Previous Access Asia Group reports on the transitioning energy boom in Vietnam and in Taiwan have focused on the renewables sector – wind and solar. But another transitional energy gold rush is underway – and nowhere more so than in Vietnam.
That transitional source of power is liquefied natural gas (LNG), or LNG-to-power.
Unlike the renewables sector, which has been garnering headlines for a couple of decades – first as an expensive but carbon-neutral alternative to fossil fuels such as coal and more recently as an increasingly cost-efficient alternative to fossil fuels – LNG is a relatively recent phenomenon. The first plant started operations in 2017 in Malta, where the Delimara LNG-to-power project has served as a model for subsequent projects as LNG and LNG infrastructure prices have dropped, making LNG increasing cost effective as a source of clean power.
Turning to Vietnam, on December 14, the United States and Japan issued a joint statement in support of Vietnam’s energy transition through LNG utilization. The statement made it clear that liquified natural gas (LNG) was key to ensuring Vietnam’s energy security, while reducing air pollution and assisting in transitioning to a low-carbon future under the concept of the Japan-US Strategic Energy Partnership (JUSEP).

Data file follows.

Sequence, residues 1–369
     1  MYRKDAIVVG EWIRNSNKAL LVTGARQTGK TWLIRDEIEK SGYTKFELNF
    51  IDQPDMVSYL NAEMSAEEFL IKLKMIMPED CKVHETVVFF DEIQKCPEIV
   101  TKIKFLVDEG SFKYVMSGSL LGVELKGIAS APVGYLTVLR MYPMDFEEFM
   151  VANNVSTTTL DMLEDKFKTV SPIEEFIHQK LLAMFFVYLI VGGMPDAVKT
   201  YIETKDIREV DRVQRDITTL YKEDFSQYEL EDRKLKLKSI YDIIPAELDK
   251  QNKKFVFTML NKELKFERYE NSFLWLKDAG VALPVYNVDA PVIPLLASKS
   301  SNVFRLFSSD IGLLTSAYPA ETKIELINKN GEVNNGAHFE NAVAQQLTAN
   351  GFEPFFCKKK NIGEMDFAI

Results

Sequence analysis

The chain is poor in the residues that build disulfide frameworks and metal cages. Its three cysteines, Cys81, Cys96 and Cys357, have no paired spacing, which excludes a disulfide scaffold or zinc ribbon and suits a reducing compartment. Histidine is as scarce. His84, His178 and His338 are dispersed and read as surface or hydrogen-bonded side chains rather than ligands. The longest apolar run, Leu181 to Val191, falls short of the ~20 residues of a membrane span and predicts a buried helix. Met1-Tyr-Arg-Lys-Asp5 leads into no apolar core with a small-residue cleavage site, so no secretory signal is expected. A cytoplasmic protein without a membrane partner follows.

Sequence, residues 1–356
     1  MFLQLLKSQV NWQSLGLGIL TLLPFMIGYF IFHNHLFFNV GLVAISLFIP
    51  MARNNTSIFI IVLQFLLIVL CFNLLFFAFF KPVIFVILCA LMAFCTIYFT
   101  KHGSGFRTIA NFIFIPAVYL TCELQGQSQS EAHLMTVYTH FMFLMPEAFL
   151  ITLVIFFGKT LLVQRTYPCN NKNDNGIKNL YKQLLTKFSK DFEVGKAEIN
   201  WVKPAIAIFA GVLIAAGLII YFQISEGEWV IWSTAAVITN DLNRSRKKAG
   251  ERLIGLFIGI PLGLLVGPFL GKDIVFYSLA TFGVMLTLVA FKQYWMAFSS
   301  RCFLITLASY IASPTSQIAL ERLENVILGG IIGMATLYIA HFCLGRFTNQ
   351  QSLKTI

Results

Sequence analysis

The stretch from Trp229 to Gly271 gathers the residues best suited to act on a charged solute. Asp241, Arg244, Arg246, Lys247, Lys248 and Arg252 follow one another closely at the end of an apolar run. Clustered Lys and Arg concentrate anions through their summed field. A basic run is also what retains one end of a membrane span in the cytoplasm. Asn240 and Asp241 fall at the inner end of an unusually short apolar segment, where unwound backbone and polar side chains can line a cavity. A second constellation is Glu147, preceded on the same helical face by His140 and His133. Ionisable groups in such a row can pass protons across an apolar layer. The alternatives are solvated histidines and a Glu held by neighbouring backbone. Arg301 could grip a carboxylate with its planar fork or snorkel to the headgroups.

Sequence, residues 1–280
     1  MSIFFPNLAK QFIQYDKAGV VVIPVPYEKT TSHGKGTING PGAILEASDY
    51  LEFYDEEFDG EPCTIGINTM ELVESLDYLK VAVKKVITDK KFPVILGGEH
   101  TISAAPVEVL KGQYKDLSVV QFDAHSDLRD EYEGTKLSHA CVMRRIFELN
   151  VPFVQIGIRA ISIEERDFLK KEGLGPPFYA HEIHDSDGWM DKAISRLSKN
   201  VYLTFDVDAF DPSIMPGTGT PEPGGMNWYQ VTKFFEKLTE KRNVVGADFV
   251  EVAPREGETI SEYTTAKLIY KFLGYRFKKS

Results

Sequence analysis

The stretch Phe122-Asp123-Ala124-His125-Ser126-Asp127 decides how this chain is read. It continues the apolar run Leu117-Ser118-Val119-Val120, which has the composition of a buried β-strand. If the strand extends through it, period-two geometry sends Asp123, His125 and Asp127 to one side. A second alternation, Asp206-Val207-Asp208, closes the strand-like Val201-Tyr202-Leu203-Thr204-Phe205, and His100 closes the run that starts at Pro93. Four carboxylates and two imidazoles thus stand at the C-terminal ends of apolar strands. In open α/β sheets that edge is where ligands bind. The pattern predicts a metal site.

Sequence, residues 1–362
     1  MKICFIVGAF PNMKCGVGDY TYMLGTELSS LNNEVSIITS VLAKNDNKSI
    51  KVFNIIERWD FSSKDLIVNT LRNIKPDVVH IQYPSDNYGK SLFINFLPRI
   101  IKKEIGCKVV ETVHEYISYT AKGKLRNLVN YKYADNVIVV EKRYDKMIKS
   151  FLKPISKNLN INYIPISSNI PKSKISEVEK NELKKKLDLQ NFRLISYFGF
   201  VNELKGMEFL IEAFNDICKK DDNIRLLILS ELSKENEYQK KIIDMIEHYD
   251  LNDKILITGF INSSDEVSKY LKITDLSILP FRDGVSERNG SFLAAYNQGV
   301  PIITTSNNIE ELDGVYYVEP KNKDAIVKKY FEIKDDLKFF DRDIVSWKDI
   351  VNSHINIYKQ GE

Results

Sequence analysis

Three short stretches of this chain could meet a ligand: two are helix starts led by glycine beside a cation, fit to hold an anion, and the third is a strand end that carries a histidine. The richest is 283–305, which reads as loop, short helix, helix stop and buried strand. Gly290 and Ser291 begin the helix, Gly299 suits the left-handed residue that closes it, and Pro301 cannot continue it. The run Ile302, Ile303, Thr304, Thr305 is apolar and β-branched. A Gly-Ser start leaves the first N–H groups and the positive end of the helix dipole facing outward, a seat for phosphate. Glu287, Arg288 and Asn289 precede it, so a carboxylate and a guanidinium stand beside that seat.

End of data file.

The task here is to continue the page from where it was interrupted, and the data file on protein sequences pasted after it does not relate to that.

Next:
At present, some eight projects are vying to bring seaborne imports of LNG to fire generation projects – some of them using modified coal-burning plants – in Vietnam, making it potentially one of the liveliest markets in the world for LNG-to-power. Government plans envision even more LNG power plants on the horizon.
In fact, Vietnam’s trade minister indicated that the Institute of Energy of Vietnam’s master power development plan included a list of 22 potential LNG power plants with a combined capacity of nearly 110 gigawatts (GW), with the first to become operational by 2023, according to reports. Two other projects are already government approved.
This is an ambitious target given that Vietnam’s current installed capacity is only approximately 54GW and it is extremely unlikely that Vietnam’s future installed rollout will be exclusive of renewable power sources such as wind and solar – both of which are booming sectors – and even dirty old coal, even though the latter is losing favor due to financing difficulties and environmental concerns.
All the same, Vietnam plans call for the development of infrastructure capable of processing around 8 billion cubic meters of LNG imported from the US annually by 2030 in a move to narrow its trade surplus with its major trading partner and buttress the production of clean power.